A Cognitively Plausible Model of Neighborhood Choice

Elizabeth E. Bruch, University of Michigan
Joffre Swait, University of Technology, Sidney

Although there have been efforts in recent years to study the linkages between individual-level residential mobility patterns and macro-level changes in spatial inequality and segregation, such studies use implausible behavioral models of how people decide whether, when and where to move. This hampers both our understanding of the individual process of residential mobility and neighborhood attainment, as well as the inferences possible from simulations linking individual mobility with macro-level outcomes. Our work aims to: (1) develop and estimate cognitively plausible models of residential choice that allows for a decision-maker with incomplete information, heuristic (simplified) strategies for both search and screening, and a multi-stage decision process; (2) use agent-based models to explore the aggregate consequences of these behavioral models for patterns of residential segregation.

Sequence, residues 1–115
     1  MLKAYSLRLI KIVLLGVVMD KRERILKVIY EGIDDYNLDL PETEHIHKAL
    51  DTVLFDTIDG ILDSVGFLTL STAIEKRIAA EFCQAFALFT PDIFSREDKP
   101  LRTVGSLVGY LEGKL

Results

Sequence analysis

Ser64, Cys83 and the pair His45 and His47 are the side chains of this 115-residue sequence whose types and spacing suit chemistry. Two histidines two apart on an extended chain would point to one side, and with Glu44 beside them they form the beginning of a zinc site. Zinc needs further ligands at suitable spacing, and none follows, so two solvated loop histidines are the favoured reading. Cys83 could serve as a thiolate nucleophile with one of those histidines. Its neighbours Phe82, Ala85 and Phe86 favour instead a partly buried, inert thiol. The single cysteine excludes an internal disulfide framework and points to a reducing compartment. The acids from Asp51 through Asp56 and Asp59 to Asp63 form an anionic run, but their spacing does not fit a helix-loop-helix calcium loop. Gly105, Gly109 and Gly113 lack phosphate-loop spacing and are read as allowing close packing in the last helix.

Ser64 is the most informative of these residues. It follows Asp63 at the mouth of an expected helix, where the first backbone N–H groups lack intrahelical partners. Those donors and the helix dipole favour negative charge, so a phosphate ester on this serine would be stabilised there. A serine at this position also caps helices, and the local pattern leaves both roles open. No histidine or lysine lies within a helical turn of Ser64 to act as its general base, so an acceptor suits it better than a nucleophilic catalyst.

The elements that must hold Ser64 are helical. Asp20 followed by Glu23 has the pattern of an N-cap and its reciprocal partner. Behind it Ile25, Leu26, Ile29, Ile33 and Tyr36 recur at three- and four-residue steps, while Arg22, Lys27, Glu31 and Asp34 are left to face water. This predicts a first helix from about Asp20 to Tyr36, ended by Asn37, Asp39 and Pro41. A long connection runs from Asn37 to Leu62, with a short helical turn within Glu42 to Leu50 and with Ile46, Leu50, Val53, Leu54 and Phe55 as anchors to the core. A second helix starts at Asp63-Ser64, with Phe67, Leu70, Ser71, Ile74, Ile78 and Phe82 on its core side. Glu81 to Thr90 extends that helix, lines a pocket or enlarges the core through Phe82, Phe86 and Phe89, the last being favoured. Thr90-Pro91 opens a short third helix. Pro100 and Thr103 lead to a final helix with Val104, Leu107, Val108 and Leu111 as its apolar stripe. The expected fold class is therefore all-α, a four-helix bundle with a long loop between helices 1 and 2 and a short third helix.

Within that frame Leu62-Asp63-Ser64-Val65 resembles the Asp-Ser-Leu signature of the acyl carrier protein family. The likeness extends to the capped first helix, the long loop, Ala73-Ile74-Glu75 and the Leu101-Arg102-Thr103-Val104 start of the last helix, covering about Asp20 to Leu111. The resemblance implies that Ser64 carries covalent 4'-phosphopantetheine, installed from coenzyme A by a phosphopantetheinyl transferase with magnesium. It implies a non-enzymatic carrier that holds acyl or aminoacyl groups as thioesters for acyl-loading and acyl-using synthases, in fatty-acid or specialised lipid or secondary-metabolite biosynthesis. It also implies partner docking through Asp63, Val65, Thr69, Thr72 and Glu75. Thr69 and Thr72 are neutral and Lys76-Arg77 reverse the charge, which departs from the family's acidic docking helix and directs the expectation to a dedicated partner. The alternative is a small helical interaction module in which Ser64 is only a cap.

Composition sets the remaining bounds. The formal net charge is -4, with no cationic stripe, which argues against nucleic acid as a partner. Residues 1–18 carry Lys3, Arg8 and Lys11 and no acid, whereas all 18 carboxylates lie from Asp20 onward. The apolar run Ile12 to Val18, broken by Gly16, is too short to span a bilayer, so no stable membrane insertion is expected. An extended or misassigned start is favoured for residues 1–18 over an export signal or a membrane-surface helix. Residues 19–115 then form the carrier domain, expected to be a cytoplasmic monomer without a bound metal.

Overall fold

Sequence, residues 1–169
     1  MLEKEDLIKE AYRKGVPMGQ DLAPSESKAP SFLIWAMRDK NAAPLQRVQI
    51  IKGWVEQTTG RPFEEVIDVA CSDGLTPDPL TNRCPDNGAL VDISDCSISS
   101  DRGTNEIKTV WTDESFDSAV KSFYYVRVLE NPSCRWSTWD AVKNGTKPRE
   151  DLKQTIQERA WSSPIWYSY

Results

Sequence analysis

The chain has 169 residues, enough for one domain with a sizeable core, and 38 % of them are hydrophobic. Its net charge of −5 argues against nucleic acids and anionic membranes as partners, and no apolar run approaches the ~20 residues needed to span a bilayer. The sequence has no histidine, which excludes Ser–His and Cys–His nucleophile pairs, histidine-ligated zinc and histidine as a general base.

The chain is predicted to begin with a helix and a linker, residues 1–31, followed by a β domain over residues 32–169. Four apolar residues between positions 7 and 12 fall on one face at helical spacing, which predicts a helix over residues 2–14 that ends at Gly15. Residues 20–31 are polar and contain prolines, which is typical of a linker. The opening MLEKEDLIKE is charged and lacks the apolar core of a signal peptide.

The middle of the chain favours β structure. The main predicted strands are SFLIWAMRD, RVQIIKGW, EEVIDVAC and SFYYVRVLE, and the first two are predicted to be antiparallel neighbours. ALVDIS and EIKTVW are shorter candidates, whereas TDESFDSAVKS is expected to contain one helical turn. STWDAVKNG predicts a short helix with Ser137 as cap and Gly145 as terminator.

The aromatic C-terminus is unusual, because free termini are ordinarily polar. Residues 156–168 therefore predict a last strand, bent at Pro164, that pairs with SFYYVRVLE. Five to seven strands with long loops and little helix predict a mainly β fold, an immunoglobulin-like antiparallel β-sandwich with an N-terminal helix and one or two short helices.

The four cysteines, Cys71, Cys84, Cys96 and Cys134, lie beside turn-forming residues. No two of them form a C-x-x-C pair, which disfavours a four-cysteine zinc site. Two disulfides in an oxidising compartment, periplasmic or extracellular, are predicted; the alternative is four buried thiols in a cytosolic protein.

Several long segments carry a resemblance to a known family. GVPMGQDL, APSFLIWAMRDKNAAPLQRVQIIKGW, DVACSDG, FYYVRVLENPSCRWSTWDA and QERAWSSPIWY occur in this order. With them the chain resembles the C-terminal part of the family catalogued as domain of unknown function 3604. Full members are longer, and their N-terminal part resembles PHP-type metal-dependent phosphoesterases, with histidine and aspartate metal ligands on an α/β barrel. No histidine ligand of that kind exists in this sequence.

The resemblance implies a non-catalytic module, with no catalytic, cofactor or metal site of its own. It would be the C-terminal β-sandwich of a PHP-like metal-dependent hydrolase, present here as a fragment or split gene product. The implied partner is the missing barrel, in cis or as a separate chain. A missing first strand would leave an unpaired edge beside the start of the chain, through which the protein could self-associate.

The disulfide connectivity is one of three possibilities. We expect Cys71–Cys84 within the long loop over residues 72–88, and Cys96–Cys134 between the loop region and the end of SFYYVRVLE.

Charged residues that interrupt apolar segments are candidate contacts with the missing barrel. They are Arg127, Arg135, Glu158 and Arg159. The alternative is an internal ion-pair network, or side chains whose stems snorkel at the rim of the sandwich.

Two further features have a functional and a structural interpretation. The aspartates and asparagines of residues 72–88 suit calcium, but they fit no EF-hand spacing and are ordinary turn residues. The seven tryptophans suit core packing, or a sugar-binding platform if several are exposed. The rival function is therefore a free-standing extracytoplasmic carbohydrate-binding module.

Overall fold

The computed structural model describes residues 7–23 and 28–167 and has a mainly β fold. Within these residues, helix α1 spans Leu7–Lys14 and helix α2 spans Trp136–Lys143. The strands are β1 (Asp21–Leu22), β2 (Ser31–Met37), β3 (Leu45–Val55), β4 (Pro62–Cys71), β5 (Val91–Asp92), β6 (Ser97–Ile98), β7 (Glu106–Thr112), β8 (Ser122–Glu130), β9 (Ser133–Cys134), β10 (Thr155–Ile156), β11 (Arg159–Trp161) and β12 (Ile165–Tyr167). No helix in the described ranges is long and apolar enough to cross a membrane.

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Presented in Session 119: Neighborhood Change and Residential Mobility